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Fish and ships: relating dispersal frequency to success in biological invasions
Wonham, M.J.; Carlton, J.T.; Ruiz, G.M.; Smith, L.D. (2000). Fish and ships: relating dispersal frequency to success in biological invasions. Mar. Biol. (Berl.) 136(6): 1111-1121
In: Marine Biology. Springer: Heidelberg; Berlin. ISSN 0025-3162, more
Peer reviewed article  

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    Introduced species; Marine

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  • Wonham, M.J.
  • Carlton, J.T.
  • Ruiz, G.M.
  • Smith, L.D.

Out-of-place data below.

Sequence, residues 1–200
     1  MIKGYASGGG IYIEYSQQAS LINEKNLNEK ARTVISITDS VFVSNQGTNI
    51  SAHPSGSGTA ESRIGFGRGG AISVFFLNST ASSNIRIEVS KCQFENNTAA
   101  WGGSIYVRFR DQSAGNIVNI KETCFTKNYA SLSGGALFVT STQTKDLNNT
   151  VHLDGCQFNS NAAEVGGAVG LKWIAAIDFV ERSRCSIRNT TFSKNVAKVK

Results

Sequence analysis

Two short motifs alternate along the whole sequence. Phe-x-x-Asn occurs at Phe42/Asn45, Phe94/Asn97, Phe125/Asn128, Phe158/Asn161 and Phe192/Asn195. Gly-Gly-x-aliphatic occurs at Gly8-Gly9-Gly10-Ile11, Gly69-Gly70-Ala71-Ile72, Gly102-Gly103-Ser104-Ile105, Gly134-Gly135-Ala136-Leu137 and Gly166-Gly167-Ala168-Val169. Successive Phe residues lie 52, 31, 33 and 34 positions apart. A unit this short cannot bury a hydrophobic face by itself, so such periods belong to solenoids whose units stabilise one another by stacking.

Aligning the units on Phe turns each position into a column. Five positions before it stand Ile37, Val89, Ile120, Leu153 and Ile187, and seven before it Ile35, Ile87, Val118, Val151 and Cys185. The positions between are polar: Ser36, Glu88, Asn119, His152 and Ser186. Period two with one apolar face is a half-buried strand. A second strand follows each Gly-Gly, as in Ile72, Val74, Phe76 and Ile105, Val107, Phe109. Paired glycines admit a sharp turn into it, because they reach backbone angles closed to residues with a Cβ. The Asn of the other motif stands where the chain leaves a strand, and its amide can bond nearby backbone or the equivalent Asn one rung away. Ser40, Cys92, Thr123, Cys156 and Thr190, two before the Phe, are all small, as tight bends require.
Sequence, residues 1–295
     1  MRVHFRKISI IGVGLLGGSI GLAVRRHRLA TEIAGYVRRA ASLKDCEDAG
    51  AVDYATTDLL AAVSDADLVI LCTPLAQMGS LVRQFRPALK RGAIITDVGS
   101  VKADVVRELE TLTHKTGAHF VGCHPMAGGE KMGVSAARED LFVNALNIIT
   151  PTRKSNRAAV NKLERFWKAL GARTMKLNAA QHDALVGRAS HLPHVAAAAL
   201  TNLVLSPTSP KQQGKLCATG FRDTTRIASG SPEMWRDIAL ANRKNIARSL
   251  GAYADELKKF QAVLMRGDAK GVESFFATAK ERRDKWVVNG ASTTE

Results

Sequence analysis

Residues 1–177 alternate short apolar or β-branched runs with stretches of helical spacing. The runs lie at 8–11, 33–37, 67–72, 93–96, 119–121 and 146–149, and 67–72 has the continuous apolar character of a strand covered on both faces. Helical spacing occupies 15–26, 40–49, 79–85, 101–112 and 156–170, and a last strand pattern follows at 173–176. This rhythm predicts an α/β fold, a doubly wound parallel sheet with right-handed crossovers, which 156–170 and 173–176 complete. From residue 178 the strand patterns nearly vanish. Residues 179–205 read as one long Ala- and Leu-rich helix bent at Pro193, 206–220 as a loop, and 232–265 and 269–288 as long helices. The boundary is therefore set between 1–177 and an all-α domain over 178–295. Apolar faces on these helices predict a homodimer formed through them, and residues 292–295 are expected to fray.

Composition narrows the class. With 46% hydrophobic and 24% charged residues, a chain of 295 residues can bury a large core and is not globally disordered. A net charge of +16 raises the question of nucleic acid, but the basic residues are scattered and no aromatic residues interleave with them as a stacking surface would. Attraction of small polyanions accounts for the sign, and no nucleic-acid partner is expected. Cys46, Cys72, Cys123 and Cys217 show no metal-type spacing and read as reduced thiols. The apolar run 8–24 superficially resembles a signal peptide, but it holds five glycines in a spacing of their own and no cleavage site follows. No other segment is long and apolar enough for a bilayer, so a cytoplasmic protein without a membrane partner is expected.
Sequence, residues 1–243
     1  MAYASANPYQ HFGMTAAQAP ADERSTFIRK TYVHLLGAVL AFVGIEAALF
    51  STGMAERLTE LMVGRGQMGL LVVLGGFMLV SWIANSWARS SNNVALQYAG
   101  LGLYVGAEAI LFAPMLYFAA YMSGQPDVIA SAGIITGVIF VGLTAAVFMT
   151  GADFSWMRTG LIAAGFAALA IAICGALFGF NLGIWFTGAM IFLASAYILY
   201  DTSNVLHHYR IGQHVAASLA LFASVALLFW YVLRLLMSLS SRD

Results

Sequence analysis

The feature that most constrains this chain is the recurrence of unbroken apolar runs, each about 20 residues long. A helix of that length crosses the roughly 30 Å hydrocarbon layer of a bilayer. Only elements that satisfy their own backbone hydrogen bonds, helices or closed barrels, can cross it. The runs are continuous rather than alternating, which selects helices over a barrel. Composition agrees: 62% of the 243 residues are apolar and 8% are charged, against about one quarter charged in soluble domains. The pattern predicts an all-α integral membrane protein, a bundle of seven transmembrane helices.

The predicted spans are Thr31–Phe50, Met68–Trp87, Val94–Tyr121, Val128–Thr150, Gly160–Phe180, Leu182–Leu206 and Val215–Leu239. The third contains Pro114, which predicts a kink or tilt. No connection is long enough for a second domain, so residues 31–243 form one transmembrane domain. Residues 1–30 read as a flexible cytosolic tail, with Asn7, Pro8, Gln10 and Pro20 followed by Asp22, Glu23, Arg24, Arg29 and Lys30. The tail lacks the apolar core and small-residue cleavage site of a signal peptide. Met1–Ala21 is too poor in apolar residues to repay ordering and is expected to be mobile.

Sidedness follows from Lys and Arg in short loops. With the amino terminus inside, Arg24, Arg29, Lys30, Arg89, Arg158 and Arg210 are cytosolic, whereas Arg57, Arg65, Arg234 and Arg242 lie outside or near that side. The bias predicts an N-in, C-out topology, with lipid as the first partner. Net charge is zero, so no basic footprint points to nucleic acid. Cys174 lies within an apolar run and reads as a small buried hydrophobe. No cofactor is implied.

Most studies characterizing successful biological invaders emphasize those traits that help a species establish a new population. Invasions are, however, multi-phase processes with at least two phases, dispersal and introduction, that occur before establishment. Characteristics that enhance survival at any of these three phases will contribute to invasion success. Here, we synthesize information on the dispersal, introduction, and establishment of fishes mediated by ship ballast-water transport. We synthesize 54 reports of at least 31 fish species collected from ballast tanks (Phase 1), including 28 new reports from our recent studies (1986 to 1996). Our literature survey revealed 40 reports of 32 fish species whose introductions have been attributed to ballast transport (Phase 2), of which at least 24 survived to establish persistent populations (Phase 3). We detected little overlap at the species level between these two data sets (Phase 1 vs Phases 2 and 3), but patterns emerged at the family level. The Gobiidae (6 species), Clupeidae (4 species), and Gasterosteidae (1 species) were the most commonly found fish families in ballast tanks (Phase 1). The Gobiidae (13 species), Blenniidae (6 species) and Pleuronectidae (2 species) dominated the list of ballast-mediated introductions (Phase 2); gobies and blennies were the families most frequently established (Phase 3). The invasive success of gobies and blennies may be explained in part by their crevicolous nature: both groups seek refuge and lay eggs in small holes, and may take advantage of the ballast-intake holes on ship hulls. This behavior, not typically associated with invasive ability, may contribute to successful introduction and establishment by facilitating the dispersal phase of invasion. The failure of the pleuronectids to invade may reflect poor salinity match between donor and recipient regions. To develop a predictive framework of invasion success, organisms must be sampled at all three phases of the invasion process. Our comparison of two ballast sampling methods suggests that fishes have been undersampled in ballast-water studies, including our own, and that the role of ballast transport in promoting fish invasions has been underestimated.

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